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Tuesday, 27 November 1973
Page: 2104

Senator GREENWOOD (VICTORIA) - My question is directed to the Minister representing the Prime Minister. Has the Government noted the decision of the Executive of the Australian Council of Trade Unions to apply next month for an increase of about $10 a week in the total wage? Will the Government assure the people of this country that just as it vigorously criticises any price increases so it will criticise and oppose this increase in the price of labour? If it is not prepared to give that assurance, is it because the Government believes that such an increase would not have an inflationary effect?

Senator MURPHY - The Government does not oppose price increases where they are warranted. In fact, it has set up the Prices Justification Tribunal in order that the increases in prices by very large corporations may be brought before it for examination. That is the kind of thing which has been happening for years in regard to wages in hearings before the Commonwealth Conciliation and Arbitration Commission. An application will be made to that Commission just as applications have been made throughout the years. There the whole matter will be examined. This Government is endeavouring to extend the principle of justification not only to wage increases but also to other increases.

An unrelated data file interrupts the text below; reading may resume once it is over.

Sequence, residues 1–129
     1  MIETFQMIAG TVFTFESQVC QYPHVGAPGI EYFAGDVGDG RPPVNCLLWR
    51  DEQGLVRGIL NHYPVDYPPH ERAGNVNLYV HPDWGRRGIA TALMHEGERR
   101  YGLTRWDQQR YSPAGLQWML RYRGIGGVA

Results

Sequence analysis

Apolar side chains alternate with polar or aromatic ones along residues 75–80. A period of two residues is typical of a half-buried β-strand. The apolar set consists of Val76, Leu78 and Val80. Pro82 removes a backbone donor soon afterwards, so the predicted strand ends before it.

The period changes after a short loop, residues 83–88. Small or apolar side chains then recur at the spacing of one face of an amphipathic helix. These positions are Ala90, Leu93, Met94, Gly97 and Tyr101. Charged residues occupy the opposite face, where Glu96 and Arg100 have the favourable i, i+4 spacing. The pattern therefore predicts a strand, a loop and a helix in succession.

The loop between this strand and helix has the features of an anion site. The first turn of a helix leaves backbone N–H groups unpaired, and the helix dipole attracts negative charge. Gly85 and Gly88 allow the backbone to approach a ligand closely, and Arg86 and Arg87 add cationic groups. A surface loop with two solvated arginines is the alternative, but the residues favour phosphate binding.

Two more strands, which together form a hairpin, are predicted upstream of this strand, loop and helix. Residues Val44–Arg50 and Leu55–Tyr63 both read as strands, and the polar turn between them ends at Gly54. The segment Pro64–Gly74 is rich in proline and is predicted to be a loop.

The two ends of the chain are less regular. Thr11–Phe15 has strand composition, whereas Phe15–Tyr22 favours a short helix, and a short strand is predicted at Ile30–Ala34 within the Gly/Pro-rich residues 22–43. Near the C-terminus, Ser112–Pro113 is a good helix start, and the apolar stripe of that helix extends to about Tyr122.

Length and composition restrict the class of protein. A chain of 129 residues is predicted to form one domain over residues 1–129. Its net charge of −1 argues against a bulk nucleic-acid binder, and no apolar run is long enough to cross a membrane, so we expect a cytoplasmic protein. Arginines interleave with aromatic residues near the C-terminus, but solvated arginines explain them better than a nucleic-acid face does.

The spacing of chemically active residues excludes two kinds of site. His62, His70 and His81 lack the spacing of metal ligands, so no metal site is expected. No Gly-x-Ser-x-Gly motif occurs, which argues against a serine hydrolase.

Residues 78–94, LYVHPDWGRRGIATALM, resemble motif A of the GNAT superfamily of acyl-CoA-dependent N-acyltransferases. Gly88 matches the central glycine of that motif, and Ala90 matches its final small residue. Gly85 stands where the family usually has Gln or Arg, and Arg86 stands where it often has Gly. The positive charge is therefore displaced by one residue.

Senator GREENWOOD - I ask for leave to ask a supplementary question on the basis that the question was not answered.

The PRESIDENT - I call Senator Greenwood.

Senator GREENWOOD - I ask: Will the Government assure the people of this country that it will oppose this increase which is sought by the Executive of the Australian Council of Trade Unions? In elaboration of the question, by virtue of what the Minister has just said, I ask: How does he equate the Prices Justification Tribunal which is concerned only with the maximum price with the Conciliation and Arbitration Commission which is concerned with a fair and minimum wage?

Senator MURPHY -Mr President,it has been pointed out by you on a number of occasions that this is not the time to indulge in speeches or debate. Therefore I do not propose to answer the second part of the honourable senator's question. If he wants to have a debate on the subject, plenty of procedures are open to him. As to the first part of the question- on what the Government's attitude will be- that is a matter for the Minister for Labour.

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